Using ADHD drugs such as Adderall and Ritalin to study and party can be dangerous and deadly. Here's what parents and students should know.
For years, college students have been taking Adderall and Ritalin, the stimulants prescribed for attention deficit hyperactivty disorder (ADHD), to boost their concentration while they study. Students with a prescription can sell one pill for $5. During COVID-19 campus shutdowns, Adderall misuse seems to have dropped, while alcohol and cannabis use may have risen.
According to the 2020 Monitoring the Future study, the latest University of Michigan report tracking substance use among adults, nonmedical use of amphetamines — including ADHD medications — dropped to a 10-year low among college students in 2020. The share of 19- to 22-year-olds reporting nonmedical use of a stimulant medication declined to 6.5 percent, from 9.7 in 2015.
Diana Zuckerman, president of the National Center for Health Research, said that some students may have had a harder time getting drugs when they were off-campus, didn’t want their parents to notice any changes in them if they were studying at home, or weren’t partying and didn’t feel a need for drugs to study.
But abuse may ratchet up again with students back on campuses. Previous research has found that 17 percent of young adults between the ages of 18 to 25 have taken stimulants to stay up late to study or party.
Students consider this normal behavior.
As many as 30 percent of young adults with legally prescribed stimulants were sharing their drugs with friends. Over half reported they were pressured into sharing or selling drugs like Adderall to their buddies.
Make sure your kids know that these drugs won’t actually help them stay alert. Unless you have ADHD, they don’t sharpen your focus.
Some young people are taking drugs like Adderall and Ritalin to do more than study. Popping the pills in higher quantities than prescribed dulls appetite and causes weight loss. When crushed and snorted or mixed with water and injected, the drugs create a “party drug” that causes euphoria, increasing the neurotransmitter dopamine in the brain, much like the street drug known as “meth” (methamphetamine).
Those who abuse the drugs can experience feelings of hostility, paranoia, and even suicide. Kyle Craig, a high-achieving student at Vanderbilt University, bought Adderall from college pals so he could stay up all night studying. He later pretended to have ADHD to convince a doctor who didn't ask too many questions to provide him with a prescription for the drug.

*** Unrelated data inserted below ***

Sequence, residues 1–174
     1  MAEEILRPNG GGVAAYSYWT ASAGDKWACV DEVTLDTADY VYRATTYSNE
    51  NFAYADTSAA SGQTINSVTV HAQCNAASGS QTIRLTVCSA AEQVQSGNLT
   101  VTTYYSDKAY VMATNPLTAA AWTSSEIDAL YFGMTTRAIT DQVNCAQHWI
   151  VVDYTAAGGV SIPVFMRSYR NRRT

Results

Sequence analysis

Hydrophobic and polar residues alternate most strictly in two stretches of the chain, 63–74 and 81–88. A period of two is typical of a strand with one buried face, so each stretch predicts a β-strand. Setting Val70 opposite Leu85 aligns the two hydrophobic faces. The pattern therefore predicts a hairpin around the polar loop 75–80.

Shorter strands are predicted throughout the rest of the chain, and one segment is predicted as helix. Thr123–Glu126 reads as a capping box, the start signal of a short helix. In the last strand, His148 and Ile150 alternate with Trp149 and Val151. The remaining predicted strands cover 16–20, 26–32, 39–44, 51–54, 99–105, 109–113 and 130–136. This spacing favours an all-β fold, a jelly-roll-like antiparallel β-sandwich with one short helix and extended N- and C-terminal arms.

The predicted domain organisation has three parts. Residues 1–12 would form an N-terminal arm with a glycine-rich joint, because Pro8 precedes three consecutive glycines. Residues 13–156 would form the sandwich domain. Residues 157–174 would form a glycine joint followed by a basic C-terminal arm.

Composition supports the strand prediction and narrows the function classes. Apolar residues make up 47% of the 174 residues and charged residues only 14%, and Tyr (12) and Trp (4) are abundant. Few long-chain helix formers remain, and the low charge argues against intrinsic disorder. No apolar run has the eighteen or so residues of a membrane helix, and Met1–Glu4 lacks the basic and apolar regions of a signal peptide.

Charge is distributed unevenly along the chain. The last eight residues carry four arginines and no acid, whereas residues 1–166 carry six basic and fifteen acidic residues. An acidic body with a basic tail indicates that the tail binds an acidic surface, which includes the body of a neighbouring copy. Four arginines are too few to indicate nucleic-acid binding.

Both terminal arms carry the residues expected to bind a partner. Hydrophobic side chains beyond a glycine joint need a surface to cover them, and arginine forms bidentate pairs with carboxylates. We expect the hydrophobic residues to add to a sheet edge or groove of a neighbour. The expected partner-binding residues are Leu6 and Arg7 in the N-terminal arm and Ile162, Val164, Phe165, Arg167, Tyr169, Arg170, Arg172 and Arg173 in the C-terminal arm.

Craig worked hard on his schoolwork during the week, but by Friday he wanted to party with his friends. Exhausted, he took more Adderall mixed with alcohol, to boost his stamina. This pattern of drug abuse brought on psychosis. Late one night, the 21-year-old ended his life by stepping in front of a train. After his death, Craig’s college friends told his parents, "Everyone takes Adderall."
Even taking a single dose or two of stimulants like Adderall or Ritalin can be dangerous for some. University of Memphis student Jasmine Sanders found that out the hard way. “I only took it because I heard from people in my class that it could help me concentrate,” Sanders said. “A guy told me, ‘It’s easy to be distracted, but with this pill you’re completely the opposite.’ So I had to try it.”
She took one Adderall pill, purchased illegally, and suddenly couldn’t breathe easily. Her heart raced. Sanders lost consciousness and ended up in the hospital where doctors told her one more dose of the drug could have resulted in her death.
“A patient taking an ADHD medication has been titrated up to a certain dose over time. If someone else takes another person's dose it can be risky because there is no health history and medication naiveté can lead to potential risks, especially if there is an underlying heart condition,” said Andrew Adesman, MD, chief of pediatrics at Long Island Jewish Medical Center in New York.
There are legal as well as medical reasons college students and their parents should be concerned about the widespread and accepted illegal use of stimulants such as Adderall. These drugs are Schedule II controlled substances — the same as cocaine and methamphetamine.
That means students selling or sharing these medications face legal risks for drug possession and trafficking and, potentially, for the consequences of someone being injured or killed while taking these drugs illegally.
“Students need help in learning how to manage their busy lifestyles effectively,” said psychiatrist Josh Hersh of Miami University “Learning time management strategies such as ‘block scheduling’ and ‘syllabus tracking’ can help prevent ‘cramming’ — the main reason people look to stimulants at whatever the price.
In addition, teaching students with ADHD who are prescribed stimulants about how to properly care for their medication will help address misuse and prevent these drugs from getting into the hands of students who might abuse the meds.”
June 27, 2022
Janet O’Dell, RN